Teen hacking suspect arrested in U.K.; LulzSec denies he’s a member
This article was originally on a blog post platform and may be missing photos, graphics or links. See About archive blog posts.
A 19-year-old man’s arrest in London on suspicion of taking part in Web attacks against businesses and government agencies was announced on Tuesday.
Shortly after the arrest was made public by the U.K.'s Metropolitan Police, the hacker group LulzSec said on Twitter that the teenager wasn’t a member of its ranks.
‘Seems the glorious leader of LulzSec got arrested, it’s all over now... wait... we’re all still here!’ the LulzSec tweet read.
The Metropolitan Police Central e-Crime Unit said in an online statement, which did not pinpoint the teen as a member of any particular hacking group, that it had arrested the as-yet-unnamed 19-year-old ‘in a pre-planned intelligence-led operation’ with help from Essex Police and the U.S. Federal Bureau of Investigation.
‘The arrest follows an investigation into network intrusions and Distributed Denial of Service (DDoS) attacks against a number of international business and intelligence agencies by what is believed to be the same hacking group,’ the agency said.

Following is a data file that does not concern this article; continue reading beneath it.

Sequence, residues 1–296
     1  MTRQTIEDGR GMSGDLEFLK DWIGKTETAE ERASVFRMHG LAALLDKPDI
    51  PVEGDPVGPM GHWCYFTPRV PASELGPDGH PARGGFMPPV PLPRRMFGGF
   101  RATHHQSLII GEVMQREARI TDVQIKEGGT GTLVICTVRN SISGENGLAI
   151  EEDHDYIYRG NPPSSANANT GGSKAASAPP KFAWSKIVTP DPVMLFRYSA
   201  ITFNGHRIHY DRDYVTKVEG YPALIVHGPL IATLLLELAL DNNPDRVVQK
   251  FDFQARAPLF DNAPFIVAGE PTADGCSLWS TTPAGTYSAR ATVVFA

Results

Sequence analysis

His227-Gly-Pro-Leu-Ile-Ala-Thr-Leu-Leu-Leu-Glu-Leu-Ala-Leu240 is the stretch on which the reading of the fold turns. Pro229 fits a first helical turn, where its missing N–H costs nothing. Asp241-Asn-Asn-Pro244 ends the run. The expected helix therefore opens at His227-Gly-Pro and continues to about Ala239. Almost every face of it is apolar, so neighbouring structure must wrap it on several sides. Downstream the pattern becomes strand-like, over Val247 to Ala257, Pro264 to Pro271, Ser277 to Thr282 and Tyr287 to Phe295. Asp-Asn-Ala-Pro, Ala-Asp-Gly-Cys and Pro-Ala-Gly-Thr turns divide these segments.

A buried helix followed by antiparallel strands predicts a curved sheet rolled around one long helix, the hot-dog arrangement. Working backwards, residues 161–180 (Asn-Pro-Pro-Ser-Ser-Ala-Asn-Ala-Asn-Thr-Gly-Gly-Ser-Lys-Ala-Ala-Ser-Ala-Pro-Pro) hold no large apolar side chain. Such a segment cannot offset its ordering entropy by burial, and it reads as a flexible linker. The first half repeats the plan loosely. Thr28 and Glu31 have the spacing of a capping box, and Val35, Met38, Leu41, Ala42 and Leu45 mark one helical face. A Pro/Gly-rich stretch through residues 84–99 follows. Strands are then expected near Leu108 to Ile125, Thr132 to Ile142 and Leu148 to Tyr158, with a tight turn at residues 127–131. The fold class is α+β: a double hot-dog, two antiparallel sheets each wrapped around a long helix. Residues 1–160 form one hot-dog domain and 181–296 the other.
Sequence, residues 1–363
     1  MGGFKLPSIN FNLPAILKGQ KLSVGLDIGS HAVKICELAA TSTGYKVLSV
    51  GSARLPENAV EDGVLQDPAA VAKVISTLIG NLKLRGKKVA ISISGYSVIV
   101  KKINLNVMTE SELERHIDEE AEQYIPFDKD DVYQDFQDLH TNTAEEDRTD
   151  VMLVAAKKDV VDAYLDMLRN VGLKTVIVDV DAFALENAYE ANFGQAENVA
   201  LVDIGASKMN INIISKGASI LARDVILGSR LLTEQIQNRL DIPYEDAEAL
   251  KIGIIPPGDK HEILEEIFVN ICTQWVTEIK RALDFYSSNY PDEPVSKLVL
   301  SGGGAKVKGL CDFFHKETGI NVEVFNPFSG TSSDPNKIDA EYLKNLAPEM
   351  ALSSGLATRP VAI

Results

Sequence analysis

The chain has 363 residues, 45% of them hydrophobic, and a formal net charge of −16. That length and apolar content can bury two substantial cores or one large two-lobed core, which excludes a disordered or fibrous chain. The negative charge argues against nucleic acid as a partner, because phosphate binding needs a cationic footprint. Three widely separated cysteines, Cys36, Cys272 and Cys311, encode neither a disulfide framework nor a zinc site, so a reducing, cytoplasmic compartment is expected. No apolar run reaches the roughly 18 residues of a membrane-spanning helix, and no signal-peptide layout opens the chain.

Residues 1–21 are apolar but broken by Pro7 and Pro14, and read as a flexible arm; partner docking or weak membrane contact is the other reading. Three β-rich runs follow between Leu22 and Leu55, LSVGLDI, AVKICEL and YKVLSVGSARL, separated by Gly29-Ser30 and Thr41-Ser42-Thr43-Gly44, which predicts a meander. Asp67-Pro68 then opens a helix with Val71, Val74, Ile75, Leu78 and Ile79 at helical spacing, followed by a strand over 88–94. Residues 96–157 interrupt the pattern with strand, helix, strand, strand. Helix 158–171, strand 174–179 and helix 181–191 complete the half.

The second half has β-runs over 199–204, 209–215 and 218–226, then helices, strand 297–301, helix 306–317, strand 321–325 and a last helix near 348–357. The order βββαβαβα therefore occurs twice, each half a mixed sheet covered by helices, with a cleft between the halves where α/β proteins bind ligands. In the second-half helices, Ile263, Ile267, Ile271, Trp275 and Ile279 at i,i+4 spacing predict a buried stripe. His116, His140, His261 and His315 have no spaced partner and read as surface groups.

‘The teenager was arrested on suspicion of Computer Misuse Act, and Fraud Act offences and was taken to a central London police station, where he currently remains in custody for questioning.
‘Searches at a residential address in Wickford, Essex, following the arrest last night have led to the examination of a significant amount of material. These forensic examinations remain ongoing.’
The arrests come amid a seeming increasing of hacking activity among groups such as LulzSec, also known as LulzSecurity, and Anonymous, as well as others -- such as the unidentified groups that have hacked the IMF and Sega.
LulzSec has struck government-related websites, Sony, Bethesda, Nintendo and PBS in recent weeks. Anonymous has been blamed in part for taking part in attacks on Sony that disabled the company’s PlayStation Network and Qriocity online entertainment services.
The international pursuit for members of both LulzSec and Anonymous, two of the more publicly known hacker groups, could soon intensify -- people identifying themselves as hackers with the two groups have recently said they’ve teamed up to target government websites.
-- Nathan Olivarez-Giles